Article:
Announcement

Collapse
No announcement yet.

Stude Parts in Other Brand Engines

Collapse
X
 
  • Filter
  • Time
  • Show
Clear All
new posts

  • Engine: Stude Parts in Other Brand Engines

    Recently I heard of old Cadillac engine builders using Studebaker rocker arms (likely for the ajustment aspect) in souped-up Cadillac engines, but also heard of them using Studebaker rods in Caddy engines as well. Has anyone ever heard of this or can they confirm such use? Also, any other Studebaker parts used by hot-rodders in other brand engines ? Thanks, Dan

  • #2
    I knew of a guy in the last couple of years that was making a fortune selling Stude V8 rocker arms to guys with early Caddie engines. The Stude rockers slip right onto the Caddie shafts.

    Comment


    • #3
      It was recently revealed on Racing Studebakers that Studebaker forged cranks were reground
      for use in SB Chevy race engines as a cheaper alternative to buying a forged Chevy crank.

      I had never heard that before.

      Tom
      '63 Avanti R1, '03 Mustang Cobra 13" front disc/98 GT rear brakes, 03 Cobra 17" wheels, GM alt, 97 Z28 leather seats, TKO 5-spd, Ported heads w/SST full flow valves.
      Check out my disc brake adapters to install 1994-2004 Mustang disc brakes on your Studebaker!!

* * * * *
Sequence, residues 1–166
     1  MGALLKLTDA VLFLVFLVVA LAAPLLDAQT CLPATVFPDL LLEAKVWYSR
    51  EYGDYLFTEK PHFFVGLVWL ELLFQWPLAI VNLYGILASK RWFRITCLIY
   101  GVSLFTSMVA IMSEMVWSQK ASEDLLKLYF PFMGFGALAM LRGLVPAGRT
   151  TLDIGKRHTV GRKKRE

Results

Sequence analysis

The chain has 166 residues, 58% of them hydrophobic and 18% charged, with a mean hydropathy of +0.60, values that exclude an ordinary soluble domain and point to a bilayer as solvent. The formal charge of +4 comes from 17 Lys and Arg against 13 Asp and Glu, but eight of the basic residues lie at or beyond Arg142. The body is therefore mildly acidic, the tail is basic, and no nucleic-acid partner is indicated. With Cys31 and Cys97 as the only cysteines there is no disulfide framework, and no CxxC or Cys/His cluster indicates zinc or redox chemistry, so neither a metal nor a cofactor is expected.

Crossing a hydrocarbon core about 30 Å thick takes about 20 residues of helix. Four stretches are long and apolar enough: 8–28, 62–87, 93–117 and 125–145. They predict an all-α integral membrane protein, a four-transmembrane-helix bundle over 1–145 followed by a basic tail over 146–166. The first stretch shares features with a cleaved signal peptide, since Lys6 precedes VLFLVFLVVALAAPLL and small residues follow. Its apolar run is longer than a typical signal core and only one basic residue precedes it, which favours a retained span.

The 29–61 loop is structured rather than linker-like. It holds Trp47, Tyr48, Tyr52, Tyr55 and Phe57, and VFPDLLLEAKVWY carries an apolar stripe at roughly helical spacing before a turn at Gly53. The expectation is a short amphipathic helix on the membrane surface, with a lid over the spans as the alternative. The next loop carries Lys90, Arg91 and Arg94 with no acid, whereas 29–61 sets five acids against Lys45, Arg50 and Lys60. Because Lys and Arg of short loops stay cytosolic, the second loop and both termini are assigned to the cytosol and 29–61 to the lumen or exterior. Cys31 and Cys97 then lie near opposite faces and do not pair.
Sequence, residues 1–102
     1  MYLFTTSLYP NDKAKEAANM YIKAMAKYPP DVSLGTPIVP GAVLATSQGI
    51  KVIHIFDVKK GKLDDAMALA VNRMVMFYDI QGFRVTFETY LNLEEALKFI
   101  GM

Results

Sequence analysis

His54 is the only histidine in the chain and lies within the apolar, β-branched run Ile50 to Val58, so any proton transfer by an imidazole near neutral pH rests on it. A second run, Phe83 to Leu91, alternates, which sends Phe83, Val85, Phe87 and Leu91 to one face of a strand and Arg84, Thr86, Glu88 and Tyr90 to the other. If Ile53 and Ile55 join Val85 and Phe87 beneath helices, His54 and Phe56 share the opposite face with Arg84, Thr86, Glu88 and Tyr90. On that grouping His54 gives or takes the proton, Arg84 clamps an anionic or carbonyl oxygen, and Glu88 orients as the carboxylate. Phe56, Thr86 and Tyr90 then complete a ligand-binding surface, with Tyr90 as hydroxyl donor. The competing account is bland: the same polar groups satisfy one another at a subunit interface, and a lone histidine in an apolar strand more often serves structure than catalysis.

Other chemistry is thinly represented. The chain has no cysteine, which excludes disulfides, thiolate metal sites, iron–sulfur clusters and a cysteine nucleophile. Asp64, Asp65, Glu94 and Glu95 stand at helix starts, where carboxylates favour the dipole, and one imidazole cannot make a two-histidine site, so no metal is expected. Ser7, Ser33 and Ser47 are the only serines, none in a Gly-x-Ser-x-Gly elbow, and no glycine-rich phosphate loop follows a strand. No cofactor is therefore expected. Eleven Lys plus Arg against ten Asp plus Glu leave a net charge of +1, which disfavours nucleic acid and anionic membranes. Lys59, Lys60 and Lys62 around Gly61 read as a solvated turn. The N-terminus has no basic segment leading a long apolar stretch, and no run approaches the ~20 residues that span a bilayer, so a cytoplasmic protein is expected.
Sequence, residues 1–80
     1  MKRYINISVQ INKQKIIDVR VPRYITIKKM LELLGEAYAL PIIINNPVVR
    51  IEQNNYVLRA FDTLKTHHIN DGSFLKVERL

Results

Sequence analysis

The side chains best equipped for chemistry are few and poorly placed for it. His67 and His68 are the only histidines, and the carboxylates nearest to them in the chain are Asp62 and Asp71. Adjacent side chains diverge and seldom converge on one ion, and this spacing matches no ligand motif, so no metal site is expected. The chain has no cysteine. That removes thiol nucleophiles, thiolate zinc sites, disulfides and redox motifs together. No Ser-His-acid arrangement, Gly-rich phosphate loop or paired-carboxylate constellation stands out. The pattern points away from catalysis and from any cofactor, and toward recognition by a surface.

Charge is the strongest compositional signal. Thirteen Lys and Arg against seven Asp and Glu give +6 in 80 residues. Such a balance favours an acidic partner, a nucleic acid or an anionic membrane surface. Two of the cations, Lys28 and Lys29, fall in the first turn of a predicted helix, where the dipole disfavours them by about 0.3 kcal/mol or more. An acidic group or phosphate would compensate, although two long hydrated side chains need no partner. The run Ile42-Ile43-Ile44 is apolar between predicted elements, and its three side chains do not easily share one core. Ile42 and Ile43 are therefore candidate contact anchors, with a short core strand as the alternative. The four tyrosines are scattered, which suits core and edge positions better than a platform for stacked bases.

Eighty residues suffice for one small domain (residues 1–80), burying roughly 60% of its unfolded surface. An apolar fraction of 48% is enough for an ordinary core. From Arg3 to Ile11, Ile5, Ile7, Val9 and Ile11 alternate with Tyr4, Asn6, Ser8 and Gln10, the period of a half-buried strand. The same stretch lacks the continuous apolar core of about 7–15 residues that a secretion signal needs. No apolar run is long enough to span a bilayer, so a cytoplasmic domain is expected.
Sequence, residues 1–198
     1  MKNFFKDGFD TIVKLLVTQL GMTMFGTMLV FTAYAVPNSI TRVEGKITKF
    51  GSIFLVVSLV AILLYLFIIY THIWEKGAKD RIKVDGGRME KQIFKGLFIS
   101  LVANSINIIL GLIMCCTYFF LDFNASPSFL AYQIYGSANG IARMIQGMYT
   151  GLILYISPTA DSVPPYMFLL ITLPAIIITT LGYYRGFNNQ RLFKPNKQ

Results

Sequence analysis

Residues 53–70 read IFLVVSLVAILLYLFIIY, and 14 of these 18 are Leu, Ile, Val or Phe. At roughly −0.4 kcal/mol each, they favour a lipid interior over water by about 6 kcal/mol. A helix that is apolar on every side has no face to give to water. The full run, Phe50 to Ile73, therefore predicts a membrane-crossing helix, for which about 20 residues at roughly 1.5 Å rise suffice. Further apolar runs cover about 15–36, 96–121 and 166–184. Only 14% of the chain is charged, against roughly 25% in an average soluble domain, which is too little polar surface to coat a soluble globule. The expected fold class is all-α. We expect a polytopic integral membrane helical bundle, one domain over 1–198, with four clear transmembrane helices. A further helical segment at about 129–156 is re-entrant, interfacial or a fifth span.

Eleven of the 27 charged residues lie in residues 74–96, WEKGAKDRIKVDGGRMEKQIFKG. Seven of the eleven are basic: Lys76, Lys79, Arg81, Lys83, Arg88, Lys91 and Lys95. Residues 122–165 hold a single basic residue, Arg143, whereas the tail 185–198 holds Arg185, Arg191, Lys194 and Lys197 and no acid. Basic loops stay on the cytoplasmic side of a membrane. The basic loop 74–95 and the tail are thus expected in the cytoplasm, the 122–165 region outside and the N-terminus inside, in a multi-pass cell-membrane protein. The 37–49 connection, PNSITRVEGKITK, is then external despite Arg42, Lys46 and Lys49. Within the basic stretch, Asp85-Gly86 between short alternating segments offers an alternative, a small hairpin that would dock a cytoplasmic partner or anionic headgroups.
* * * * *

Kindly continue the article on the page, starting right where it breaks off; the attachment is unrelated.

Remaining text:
http://forum.studebakerdriversclub.c...bracket-update
      I have also written many TECH how to articles, do a search for my Forum name to find them

      Comment


      • #4
        Back in the 1970s, I repaired Jaguar automatic transmissions with Studebaker parts, rather than parts from Jag or B-W (same DG-250M).
        Gary L.
        Wappinger, NY

        SDC member since 1968
        Studebaker enthusiast much longer

        Comment


        • #5
          Tom, Since most of the S/B Chevys utilized forged cranks, I'd bet they were doing it for the stroke. 265's & 283's were 3.00 inches, 327's were 3.25 inches and 350's were 3.48 inches. All 289 & 304.5 C.I. Studes were 3.63 inches. They likely reground the mains and utilized a rod and piston combo that worked, picking up a significant number of cubes. Dan